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Pacific Islands CASC

The mangrove forests across the Federated States of Micronesia provide critical resources and contribute to climate resilience. Locally, mangrove forests provide habitat for fish and wildlife, timber, and other cultural resources. Mangrove forests also protect Micronesian communities from tropical cyclones and tsunamis, providing a buffer against powerful waves and winds. Mangrove forests in Micronesia can store 700–1,800 metric tons of carbon per hectare (Donato and others, 2011), contributing to the estimated 5–10 billion metric tons of carbon stored by mangroves around the world (Alongi, 2018). This carbon storage is essential for global climate resilience. Mangrove forests and the benefits these ecosystems...
A cocktail of land-based sources of pollution threatens coral reef ecosystems, and addressing these has become a key management and policy challenge in the State of Hawaii, other US territories, and globally. In West Maui, Hawai'i, nearly one quarter of all living corals were lost between 1995 and 2008. Onsite disposal systems (OSDS) for sewage leak contaminants into drinking water sources and nearshore waters. In recognition of this risk, the Hawaii State Department of Health (DOH) is prioritizing areas for cesspool upgrades. Independently, we applied a decision analysis process to identify priority areas to address sewage pollution from OSDS in West Maui, with the objective of reducing nearshore coral reef exposure...
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For the past few years, “king tides,” or the highest tides of the year, have been occurring more frequently and significantly affecting coastal environments across Hawaiʻi. Now, disappearing beaches and waves crashing over roadways are seemingly the “new normal.” In response, the state of Hawaiʻi is implementing adaptation strategies to combat tidal flooding in coastal areas. While flood management strategies are being implemented in urban areas, less is known about how tidal flooding, and associated inundation into surface and groundwater, might influence watershed dynamics and the native animals that depend on estuarine environments where freshwater meets the sea. Efforts for biocultural restoration of ecosystem...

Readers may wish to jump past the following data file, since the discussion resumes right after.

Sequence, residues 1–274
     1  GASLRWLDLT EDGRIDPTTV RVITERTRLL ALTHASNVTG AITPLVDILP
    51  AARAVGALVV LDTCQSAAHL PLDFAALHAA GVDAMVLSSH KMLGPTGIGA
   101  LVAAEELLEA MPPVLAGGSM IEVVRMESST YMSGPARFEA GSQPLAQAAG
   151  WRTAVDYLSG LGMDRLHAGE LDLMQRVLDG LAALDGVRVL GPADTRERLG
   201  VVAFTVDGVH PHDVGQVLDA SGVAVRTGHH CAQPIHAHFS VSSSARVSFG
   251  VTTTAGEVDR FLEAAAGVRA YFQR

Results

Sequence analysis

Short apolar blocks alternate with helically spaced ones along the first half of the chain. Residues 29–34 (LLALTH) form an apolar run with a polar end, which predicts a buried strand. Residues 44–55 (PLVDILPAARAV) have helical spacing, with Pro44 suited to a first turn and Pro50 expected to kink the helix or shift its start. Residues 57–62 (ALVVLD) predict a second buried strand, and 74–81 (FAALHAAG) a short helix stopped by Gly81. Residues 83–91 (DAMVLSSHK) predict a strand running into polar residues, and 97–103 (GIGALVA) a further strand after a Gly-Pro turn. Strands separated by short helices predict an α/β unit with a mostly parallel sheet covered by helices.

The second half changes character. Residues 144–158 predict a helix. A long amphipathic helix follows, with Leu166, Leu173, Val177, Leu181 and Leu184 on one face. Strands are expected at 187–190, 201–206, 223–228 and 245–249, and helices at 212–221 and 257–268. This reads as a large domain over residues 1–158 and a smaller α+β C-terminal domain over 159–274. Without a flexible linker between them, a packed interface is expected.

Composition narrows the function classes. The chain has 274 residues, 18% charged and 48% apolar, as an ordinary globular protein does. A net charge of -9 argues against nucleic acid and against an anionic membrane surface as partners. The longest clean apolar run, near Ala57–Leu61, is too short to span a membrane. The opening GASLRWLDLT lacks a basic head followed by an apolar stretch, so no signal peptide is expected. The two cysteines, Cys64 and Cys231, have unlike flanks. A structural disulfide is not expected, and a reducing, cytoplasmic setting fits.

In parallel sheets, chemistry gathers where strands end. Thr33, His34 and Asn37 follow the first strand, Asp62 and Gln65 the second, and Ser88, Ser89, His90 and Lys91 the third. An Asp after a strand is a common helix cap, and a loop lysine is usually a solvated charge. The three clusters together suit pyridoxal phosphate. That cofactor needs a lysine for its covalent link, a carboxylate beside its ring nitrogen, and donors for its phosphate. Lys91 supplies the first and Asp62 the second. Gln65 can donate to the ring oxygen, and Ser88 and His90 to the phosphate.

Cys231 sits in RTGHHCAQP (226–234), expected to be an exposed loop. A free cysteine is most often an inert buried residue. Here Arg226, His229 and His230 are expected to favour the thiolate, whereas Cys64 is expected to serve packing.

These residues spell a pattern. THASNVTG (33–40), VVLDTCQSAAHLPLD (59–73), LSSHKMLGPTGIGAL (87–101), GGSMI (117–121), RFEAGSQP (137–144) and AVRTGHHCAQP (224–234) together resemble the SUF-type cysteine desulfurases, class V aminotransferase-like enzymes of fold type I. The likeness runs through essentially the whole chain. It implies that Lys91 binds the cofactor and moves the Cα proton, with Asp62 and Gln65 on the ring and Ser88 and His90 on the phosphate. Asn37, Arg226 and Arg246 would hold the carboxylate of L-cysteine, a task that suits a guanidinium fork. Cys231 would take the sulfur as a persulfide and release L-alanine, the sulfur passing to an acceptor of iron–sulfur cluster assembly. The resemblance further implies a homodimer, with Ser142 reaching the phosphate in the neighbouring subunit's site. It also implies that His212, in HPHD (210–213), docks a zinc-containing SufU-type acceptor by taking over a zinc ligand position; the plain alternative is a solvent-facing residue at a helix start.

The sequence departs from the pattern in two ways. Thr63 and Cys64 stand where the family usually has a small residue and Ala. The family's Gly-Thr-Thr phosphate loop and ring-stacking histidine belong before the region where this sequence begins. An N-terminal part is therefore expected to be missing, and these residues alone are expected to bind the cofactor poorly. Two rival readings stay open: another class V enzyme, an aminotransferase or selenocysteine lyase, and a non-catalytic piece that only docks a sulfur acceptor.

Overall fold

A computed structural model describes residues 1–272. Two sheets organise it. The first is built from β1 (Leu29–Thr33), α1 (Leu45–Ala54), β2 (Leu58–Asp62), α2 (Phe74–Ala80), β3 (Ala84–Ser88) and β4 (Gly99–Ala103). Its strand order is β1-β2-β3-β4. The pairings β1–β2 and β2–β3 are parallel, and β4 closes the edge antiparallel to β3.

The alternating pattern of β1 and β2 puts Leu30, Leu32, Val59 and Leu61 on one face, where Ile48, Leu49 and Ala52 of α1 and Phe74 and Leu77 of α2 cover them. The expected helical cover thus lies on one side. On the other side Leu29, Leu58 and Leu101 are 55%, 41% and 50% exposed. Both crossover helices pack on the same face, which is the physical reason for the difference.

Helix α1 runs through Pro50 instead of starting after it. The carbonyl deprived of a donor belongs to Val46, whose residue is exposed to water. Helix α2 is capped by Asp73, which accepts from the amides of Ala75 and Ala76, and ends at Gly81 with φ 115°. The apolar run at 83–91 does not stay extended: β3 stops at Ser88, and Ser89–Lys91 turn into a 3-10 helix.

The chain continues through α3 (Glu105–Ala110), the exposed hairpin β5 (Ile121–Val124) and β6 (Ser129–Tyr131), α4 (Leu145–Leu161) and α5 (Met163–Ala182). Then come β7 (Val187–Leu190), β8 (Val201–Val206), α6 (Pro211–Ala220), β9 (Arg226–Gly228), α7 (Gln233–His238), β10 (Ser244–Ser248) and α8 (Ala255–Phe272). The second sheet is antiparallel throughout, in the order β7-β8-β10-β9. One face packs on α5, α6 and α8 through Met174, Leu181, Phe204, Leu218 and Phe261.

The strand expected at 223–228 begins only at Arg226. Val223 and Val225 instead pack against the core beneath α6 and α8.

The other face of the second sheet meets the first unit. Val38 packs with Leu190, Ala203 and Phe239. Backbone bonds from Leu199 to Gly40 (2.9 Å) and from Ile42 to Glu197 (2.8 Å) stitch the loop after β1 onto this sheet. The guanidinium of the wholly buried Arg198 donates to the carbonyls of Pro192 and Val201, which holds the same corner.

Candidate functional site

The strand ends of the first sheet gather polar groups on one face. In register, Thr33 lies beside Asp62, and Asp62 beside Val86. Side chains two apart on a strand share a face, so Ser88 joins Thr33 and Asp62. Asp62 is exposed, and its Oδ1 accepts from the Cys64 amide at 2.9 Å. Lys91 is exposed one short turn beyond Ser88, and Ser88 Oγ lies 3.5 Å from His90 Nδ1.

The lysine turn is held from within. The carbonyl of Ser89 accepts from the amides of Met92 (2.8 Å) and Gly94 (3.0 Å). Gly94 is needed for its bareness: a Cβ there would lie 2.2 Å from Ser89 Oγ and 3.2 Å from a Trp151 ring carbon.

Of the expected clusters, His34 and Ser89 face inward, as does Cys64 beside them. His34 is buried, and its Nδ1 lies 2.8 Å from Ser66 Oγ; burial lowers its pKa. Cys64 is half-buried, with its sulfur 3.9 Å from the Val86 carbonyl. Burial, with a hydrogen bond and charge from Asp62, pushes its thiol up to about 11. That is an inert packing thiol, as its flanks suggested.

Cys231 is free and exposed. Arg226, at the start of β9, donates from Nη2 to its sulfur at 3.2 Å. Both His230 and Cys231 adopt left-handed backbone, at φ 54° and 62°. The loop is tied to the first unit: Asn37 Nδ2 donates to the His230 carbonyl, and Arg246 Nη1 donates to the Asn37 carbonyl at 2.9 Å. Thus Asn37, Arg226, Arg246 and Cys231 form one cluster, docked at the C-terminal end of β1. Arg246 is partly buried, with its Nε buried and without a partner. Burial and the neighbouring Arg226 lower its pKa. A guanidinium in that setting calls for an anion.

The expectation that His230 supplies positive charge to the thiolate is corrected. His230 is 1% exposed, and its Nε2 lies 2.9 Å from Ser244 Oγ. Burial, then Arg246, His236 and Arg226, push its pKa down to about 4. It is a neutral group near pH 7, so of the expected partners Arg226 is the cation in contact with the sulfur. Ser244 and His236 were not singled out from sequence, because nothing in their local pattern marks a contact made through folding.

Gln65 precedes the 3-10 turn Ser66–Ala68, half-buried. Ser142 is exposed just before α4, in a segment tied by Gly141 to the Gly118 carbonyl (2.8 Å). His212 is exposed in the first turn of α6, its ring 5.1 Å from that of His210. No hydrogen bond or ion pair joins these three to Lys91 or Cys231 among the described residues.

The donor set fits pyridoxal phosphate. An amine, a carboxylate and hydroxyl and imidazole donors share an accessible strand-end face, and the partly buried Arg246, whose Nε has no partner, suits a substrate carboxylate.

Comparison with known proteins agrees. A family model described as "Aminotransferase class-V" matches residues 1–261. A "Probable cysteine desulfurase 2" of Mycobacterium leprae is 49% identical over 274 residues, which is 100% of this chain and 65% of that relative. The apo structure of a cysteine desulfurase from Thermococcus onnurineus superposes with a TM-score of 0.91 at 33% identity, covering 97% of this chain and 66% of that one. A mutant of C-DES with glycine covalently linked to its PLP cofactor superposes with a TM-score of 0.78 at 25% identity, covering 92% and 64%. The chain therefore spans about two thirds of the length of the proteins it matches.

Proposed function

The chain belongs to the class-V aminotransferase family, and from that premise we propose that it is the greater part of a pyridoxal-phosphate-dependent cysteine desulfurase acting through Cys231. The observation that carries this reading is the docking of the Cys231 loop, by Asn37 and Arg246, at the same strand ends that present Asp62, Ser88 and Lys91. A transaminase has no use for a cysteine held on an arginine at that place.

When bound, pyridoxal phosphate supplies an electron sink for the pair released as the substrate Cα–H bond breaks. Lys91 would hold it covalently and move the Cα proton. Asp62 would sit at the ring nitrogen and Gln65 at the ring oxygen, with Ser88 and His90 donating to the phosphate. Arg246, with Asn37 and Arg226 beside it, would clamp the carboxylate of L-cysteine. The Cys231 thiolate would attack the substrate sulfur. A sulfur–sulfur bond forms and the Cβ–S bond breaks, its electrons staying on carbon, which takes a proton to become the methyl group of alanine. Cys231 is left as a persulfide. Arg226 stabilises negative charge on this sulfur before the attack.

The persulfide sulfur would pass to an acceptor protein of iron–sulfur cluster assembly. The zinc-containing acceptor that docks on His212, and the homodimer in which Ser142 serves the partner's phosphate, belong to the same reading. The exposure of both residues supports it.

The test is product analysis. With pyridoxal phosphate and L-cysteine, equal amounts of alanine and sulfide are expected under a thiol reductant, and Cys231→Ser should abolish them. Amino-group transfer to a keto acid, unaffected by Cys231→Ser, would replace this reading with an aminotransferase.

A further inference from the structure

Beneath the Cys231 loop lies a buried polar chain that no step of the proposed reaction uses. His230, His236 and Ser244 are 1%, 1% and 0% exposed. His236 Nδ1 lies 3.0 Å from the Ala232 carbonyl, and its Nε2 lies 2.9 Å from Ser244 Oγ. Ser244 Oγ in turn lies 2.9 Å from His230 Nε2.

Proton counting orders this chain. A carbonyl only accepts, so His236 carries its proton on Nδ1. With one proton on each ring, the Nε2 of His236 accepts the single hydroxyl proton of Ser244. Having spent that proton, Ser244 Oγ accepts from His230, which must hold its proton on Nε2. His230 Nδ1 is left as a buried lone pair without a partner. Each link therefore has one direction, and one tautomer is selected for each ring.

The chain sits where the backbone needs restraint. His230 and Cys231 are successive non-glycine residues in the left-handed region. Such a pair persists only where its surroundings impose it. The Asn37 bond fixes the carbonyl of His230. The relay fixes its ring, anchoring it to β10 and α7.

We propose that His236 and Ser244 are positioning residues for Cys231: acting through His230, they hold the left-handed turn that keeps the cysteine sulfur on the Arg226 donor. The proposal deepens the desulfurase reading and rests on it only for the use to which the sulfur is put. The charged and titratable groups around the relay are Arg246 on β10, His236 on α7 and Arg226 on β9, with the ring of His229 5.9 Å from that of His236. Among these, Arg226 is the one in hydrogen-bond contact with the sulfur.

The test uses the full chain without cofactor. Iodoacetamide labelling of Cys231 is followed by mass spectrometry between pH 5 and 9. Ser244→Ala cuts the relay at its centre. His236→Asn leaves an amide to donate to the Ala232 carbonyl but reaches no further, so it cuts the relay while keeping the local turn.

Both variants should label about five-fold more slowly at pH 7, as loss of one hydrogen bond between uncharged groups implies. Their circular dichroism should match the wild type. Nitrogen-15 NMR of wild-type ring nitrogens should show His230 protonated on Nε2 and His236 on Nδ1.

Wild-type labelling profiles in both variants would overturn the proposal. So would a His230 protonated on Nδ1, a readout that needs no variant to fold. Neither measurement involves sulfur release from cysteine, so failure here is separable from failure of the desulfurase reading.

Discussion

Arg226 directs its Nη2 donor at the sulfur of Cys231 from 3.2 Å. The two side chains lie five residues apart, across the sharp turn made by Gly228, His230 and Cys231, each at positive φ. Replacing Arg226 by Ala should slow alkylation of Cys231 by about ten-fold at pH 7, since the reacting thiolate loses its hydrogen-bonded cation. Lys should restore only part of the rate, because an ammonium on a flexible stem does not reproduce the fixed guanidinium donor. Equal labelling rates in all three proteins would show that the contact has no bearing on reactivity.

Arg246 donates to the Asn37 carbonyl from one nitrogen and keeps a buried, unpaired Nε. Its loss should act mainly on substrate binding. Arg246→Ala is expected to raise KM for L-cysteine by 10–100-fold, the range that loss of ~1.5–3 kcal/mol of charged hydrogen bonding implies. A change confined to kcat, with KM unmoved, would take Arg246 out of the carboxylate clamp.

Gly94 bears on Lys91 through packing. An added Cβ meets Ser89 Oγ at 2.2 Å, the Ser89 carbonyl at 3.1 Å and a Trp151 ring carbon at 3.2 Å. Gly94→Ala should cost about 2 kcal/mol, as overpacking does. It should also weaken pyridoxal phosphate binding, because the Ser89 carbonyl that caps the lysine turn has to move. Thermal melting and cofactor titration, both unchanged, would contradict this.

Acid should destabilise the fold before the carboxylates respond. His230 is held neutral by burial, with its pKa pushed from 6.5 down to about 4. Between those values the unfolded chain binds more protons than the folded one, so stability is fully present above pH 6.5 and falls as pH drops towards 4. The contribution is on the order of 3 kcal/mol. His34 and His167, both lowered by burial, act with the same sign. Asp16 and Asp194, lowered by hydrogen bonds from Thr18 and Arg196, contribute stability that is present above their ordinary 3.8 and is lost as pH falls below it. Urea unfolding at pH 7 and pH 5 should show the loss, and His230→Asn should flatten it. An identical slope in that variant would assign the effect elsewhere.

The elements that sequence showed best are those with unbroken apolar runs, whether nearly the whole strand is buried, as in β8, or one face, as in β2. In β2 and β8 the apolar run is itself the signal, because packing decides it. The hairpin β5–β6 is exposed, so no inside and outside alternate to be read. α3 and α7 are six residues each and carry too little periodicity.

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The Pacific Islands Climate Adaptation Science Center (PI CASC) supports sustainability and climate adaptation in communities across the Pacific Islands by providing natural and cultural resource managers with access to actionable science specific to the region. PI CASC is hosted by the University of Hawaiʻi at Mānoa (UHM) with consortium partners at the University of Hawaiʻi at Hilo (UHH) and the University of Guam (UOG). During the period of 2019 - 2024, the PI CASC consortium will strive to i) build resiliency and sustainability in ecosystems and communities to climate change impacts; ii) strive to develop the best actionable climate science, while maintaining a non-advocacy stance; and iii) apply the elements...
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PI-CASC regularly interacts with a diverse and extensive network of stakeholder organizations at federal, territory, state, county, and local levels across the Pacific Region, supporting communication and iterative problem solving between researchers, managers, and decision makers. In addition to these partnerships, PI-CASC has two important ongoing collaborative initiatives. Pacific Islands-Alaska CASC collaboration The PI-AK CASC collaboration is aimed at bringing together scientist and resource managers from the Pacific and Alaska regions to share insights on related climate adaptation challenges in Ridge-to-Reef (R2R) and Icefield-to-Ocean (I2O) ecosystems. Similarities in landscapes and communities in these...
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